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Public Keynote, Monday 5 September, Irchel Campus (Y04-G-30), 18:30-19:45

John Dixon, Ph.D., Professor, The Open University, United Kingdom

Navigating the Divided City: Place Identity and Sectarian Segregation in Belfast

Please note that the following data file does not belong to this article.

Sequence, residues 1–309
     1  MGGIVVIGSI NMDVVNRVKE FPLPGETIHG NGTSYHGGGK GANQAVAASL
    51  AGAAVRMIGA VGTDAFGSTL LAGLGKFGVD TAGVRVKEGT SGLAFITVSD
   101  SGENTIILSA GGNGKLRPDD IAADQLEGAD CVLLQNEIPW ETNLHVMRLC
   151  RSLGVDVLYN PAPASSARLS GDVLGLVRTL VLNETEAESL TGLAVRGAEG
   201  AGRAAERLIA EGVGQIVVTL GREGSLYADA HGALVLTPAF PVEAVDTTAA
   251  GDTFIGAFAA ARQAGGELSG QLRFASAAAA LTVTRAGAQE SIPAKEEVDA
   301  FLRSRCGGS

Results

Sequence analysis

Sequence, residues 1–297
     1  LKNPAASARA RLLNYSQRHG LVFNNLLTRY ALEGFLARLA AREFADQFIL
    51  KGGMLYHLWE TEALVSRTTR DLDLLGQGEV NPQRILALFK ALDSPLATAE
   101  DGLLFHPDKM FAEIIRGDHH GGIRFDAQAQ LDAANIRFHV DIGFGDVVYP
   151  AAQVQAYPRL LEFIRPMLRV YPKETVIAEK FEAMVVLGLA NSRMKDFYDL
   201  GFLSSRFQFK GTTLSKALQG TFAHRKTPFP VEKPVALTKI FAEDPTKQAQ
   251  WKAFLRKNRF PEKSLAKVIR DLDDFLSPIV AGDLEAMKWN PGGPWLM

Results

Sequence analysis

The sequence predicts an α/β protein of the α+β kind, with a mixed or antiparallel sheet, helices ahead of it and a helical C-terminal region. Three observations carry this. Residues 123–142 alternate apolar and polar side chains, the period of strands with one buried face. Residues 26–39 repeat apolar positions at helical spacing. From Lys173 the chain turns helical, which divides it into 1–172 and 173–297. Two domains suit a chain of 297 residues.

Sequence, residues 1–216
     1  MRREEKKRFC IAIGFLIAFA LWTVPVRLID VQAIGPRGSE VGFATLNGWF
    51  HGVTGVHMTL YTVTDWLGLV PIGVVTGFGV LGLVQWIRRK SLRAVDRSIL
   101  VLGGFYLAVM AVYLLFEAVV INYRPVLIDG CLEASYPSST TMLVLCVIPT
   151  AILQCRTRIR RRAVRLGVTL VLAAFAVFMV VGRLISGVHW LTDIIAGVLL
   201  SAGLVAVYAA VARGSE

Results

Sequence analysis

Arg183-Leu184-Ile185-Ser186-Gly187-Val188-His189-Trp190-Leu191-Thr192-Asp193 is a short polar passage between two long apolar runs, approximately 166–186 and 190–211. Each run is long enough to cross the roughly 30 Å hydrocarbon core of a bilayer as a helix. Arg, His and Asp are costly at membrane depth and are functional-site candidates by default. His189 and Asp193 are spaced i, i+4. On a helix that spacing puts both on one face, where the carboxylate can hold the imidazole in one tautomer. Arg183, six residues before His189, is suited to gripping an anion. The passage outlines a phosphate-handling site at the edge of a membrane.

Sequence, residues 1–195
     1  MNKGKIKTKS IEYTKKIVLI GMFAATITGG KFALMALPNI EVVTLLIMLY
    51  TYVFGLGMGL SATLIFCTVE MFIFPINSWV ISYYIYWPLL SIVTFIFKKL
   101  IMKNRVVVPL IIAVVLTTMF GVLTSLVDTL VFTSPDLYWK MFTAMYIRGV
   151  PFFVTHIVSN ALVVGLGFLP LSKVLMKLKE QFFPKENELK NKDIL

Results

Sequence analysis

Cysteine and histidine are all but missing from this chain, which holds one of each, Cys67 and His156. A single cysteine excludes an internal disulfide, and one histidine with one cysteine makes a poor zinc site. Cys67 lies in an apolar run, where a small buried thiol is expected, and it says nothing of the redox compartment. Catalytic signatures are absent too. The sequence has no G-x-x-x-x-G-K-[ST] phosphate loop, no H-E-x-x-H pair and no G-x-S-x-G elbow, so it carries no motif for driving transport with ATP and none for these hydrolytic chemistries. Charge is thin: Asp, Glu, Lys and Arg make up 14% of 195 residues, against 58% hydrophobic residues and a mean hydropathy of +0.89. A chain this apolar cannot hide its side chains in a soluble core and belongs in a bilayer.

Desegregation is a process through which members of formerly separated groups are brought together, often through the removal of institutional barriers to interaction. Two recurring arguments have been presented in favour of desegregation. The first holds that it promotes intergroup harmony and the reduction of prejudice; the second that it promotes social justice and equality. However, although most commentators now agree on the potential benefits of desegregation, evidence suggests that systems of segregation often prove highly persistent and adaptable, being driven not only by evolving institutional and structural processes, but also by so-called informal ‘preference schemes’ (Goldberg, 1996). Exploring this theme, my paper discusses the role of everyday mobility choices in sustaining everyday ‘activity space’ segregation in the historically divided city of Belfast. More specifically, it explores the role of place identity dynamics in shaping ongoing patterns of sectarian segregation in five communities in North Belfast, as expressed through everyday movements, trajectories, and use of public spaces.  To do so, I draw on data collected as part of the Belfast Mobility Project, which has combined large scale GPS tracking data and GIS analytics with questionnaire data and walking interviews.  In conclusion, I highlight how attempts to accomplish desegregation in divided cities must transform not only relations between different communities, but also relations between those communities the spaces and places in which they are embedded.